So the world will keep on turning every single day until I get this transplant, and then every single day after that, and who knows what will happen except that I will get up every morning try to remember that I am not surviving, I am living.

And as for today, I will go on a walk.

Saturday, February 20, 2010

An Open Letter to My Entire CF Family

Dear fellow cystics and all those who love them:

Well, I guess the time has come for me to write this letter. To be honest, I've been putting it off, I think in part because I know it's going to be sappy. And I don't always love sappy. But I do love the truth, and I know that sometimes, tough as it is to admit, it takes a little sap to get us there. So, friends, here is my sap, my heart, and my truth:

I admire every. single. one. of. you.


I'm not kidding. I really do, although some in different ways than others, of course. If there is ONE thing that my time as a member of the CF community (both in real life and online) has taught me, it's that there is no ONE way to handle this disease. There is no foolproof approach, and there is no cystic (or CF family) who I have met that is not trying to live in the best way they know how. And for me, that is the very definition of admirable. So let me break this down for you just a little more:

To the 8 year old boy who just celebrated his 1 year lung transplant anniversary (and his phenomenal mother), you are amazing.

To the 32 year old woman who just got listed for transplant but still managed to find time this past year to get married, and to continue at her job despite huge obstacles, you are amazing.

To the 25 year old woman who works full time and is pursuing a masters in bioethics while balancing a rewarding family/social life and asking some really tough questions about CF, you are amazing.

To the 29 year old poet who seems sometimes to put my own soul into words, and the other 29 year old woman who just took a huge leap of faith in moving several states to pursue her own sense of adventure, you guys are not only neighbors now, but you're also both amazing.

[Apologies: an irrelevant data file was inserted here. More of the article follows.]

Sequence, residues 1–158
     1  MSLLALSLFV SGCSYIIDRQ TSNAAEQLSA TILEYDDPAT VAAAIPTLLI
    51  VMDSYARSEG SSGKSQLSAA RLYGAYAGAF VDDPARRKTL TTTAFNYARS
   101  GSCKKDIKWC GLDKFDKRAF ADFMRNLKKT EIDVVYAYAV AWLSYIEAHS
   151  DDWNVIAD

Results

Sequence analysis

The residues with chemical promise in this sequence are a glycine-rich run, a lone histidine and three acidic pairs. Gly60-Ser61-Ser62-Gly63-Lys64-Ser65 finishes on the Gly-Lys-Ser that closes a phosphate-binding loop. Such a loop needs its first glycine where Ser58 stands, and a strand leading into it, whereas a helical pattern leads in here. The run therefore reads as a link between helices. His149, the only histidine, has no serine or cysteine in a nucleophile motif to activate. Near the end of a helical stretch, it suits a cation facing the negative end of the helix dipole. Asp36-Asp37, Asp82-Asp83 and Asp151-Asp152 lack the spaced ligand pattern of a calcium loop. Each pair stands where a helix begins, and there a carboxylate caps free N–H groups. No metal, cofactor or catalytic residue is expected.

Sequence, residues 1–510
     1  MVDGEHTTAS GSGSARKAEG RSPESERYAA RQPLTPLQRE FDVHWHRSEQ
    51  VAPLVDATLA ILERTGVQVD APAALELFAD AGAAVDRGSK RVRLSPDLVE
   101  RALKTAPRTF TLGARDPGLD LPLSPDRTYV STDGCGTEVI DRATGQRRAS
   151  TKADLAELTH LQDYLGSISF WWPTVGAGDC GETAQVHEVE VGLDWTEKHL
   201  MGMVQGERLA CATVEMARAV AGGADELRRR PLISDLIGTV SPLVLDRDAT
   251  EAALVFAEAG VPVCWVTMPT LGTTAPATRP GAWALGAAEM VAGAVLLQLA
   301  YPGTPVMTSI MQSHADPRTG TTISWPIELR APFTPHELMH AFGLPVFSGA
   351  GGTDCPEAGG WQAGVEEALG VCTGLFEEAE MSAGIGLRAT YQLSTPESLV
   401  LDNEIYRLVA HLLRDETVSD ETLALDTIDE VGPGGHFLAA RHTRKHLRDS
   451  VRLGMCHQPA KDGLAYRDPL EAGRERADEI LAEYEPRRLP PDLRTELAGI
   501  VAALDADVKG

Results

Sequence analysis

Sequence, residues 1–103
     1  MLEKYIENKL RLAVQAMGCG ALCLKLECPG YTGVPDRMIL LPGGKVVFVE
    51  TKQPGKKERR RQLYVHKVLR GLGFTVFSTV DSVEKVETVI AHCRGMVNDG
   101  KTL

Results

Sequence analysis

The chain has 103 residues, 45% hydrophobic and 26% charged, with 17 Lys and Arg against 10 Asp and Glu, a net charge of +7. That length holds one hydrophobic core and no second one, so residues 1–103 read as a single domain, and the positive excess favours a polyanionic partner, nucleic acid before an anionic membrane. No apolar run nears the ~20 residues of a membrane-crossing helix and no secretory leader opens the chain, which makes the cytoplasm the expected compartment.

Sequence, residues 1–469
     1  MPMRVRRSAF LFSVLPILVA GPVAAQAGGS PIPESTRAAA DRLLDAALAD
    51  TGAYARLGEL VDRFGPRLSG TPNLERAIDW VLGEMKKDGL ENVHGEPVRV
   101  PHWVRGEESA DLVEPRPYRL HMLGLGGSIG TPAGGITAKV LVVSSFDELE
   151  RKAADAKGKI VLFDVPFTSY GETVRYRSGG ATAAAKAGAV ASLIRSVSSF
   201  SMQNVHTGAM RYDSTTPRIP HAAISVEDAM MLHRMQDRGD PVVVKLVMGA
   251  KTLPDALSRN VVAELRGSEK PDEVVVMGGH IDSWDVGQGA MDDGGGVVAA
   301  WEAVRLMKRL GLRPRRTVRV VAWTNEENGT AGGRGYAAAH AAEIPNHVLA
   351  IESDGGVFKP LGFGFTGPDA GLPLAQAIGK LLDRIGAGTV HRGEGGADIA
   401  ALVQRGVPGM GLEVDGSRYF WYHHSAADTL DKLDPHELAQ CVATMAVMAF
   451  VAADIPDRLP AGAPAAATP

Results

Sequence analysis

To the 30 year old man who improved his own lung function by leaps and bounds (or should I say strides) through his dedication to exercise, and who is now using his gift to inspire other CFers, and who found time amongst it all to get engaged, you are amazing.

To the woman with CF on the transplant list in FL, who is moving to follow her dreams of new lungs, and who took the time to fold cranes for each of her fellow cystics on the waiting list, you are truly amazing.

To the young man who has severe cystic fibrosis coupled with another genetic disease, and to his mother who is unafraid to write honestly about their lives (the good and the bad), who clearly moves mountains to help her son drink in and enjoy every drop of life, you guys are nothing short of amazing.

To my friends who are "square pegs" and had to fight for their own CF diagnoses, who came to terms with CF at an age when the rest of us were already well-versed in its ups and downs, and who advocate for recognition and better treatment of "their CF," you guys are pretty darn amazing.

To my friends who are raising families, running 5ks, fighting their clinics to get the care they know they need, searching for love, getting married, starting new jobs, taking disability to focus on their health, trying out new treatments, going the extra mile (or 2), starting blogs to educate other CFers, and generally out there living, you are guessed it: amazing.

To my newfound friends at my own transplant center, who keep me laughing and smiling and who generally make it all bearable, not only do I owe you all a huge thank you, but wow, you're amazing!

And to my "transplant idols," whether you're there for me on the phone when I go through dry runs, or have a blog that I just can't get enough of, or showed me that it is indeed possible to run a half-marathon with transplanted lungs, well, I don't even think I can begin to say how amazing you guys are.

In short, I'm amazed by my fellow CFers. And I just want to say to all of you that I embrace your stories, your triumphs, your tragedies, and your lust for life. I will celebrate with you, cry with you, and proclaim your awesomeness from the rooftops if I have to, because I think you are what makes this disease worth fighting. You are the truth of this disease, the living proof of its blessings and its cruelty, and I am beyond grateful for the lesson.

It may be sappy, but that doesn't mean it's not real. Because the reality is that we're all just out there trying to find our own path through life, and breath.

With deepest admiration and respect,

Friday, February 12, 2010

More Thoughts on Waiting